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What Helps Small Businesses Win Federal Contracts?

July 4th, 2012 ::

By Maria Valdez Haubrich

On Independence Day, it seems appropriate to take a look at how well small businesses are succeeding when they pursue federal government procurement opportunities. A new survey of 740 active small contractors by American Express OPEN found that subcontracting to prime contractors and teaming with other small firms to bid on projects are two key tools for small businesses seeking to land federal contracts.

Almost half (48 percent) of small companies surveyed have contributed products and services as a subcontractor. On average, these businesses get an average of 25 percent of their procurement revenue from subcontracts. Teaming, or partnering with other small businesses to pursue federal prime contracts, was used less often: 27 percent of active small contractors have used teaming, and on average it accounts for 9 percent of their procurement revenue. Minority-owned businesses were more likely than the average business to use teaming.

However, subcontracting isn’t without its problems. Almost one-third (29 percent) of active small business contractors in the study say they have been “shut out”—in other words, they contributed as a subcontractor to a bid that won, only to have the prime contractor fail to use them when it came time to fulfill the contract.

Subcontracting clearly leads to bigger things. Almost one-quarter (22 percent) of small firms in the study say they have landed more subcontracting opportunities after successfully completing a subcontract and getting recommended to others by a large prime contractor.

Some industries are more likely than others to use subcontracting. Companies in the information (software, data processing) and professional/scientific/ technical services (computer systems design, engineering, research) sectors are more likely than businesses in any other industry to be subcontractors (62 percent and 65 percent, respectively, compared to the average of 48 percent).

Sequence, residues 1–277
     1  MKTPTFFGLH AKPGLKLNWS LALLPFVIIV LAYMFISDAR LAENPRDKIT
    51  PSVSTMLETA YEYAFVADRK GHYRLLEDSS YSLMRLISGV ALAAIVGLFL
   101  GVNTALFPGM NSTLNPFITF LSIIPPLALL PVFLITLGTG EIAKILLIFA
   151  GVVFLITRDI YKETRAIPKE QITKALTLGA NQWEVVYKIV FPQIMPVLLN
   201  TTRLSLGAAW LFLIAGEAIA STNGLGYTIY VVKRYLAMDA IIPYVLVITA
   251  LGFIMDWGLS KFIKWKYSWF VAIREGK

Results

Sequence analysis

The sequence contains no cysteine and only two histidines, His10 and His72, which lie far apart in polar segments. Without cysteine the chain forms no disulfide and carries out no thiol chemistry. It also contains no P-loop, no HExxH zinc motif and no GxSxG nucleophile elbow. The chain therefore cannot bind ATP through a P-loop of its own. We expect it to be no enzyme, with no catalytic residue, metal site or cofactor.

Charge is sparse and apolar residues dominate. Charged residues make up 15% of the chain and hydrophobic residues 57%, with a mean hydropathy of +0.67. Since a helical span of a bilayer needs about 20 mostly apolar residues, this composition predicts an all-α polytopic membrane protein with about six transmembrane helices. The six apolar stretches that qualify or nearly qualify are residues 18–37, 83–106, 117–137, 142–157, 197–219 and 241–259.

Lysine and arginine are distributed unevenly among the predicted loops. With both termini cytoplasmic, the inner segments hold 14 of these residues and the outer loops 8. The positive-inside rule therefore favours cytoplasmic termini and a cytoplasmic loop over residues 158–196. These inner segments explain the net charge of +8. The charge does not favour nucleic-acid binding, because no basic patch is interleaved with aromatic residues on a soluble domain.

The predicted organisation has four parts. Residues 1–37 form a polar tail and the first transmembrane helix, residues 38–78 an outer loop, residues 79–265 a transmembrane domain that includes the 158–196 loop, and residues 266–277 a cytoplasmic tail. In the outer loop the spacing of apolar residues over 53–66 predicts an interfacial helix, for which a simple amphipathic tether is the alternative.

Overall, companies that not only pursue prime contracts on their own, but also pursue subcontracting opportunities and use teaming are much more likely to be successful—not only at procurement, but at business in general. Consider:

  • Companies that participate in subcontracting won 21 percent more prime contracts than average (4.7 versus 3.9 over the past three years). Companies involved in teaming 
won 54 percent more prime contracts (6.0 vs. 3.9 over the past three years).
  • These companies also earned more revenue from contracting. Although 24 percent of all active federal contractors have won
$5 million or more in federal contracts since they began pursuing federal contracting, 31 percent of those who are active in subcontracting and 40 percent of those who have pursued teaming have reached that amount.

Image by Flickr user mrsdkrebs (Creative Commons)

 

 

The views expressed here are the author's alone and not those of Network Solutions or its partners.

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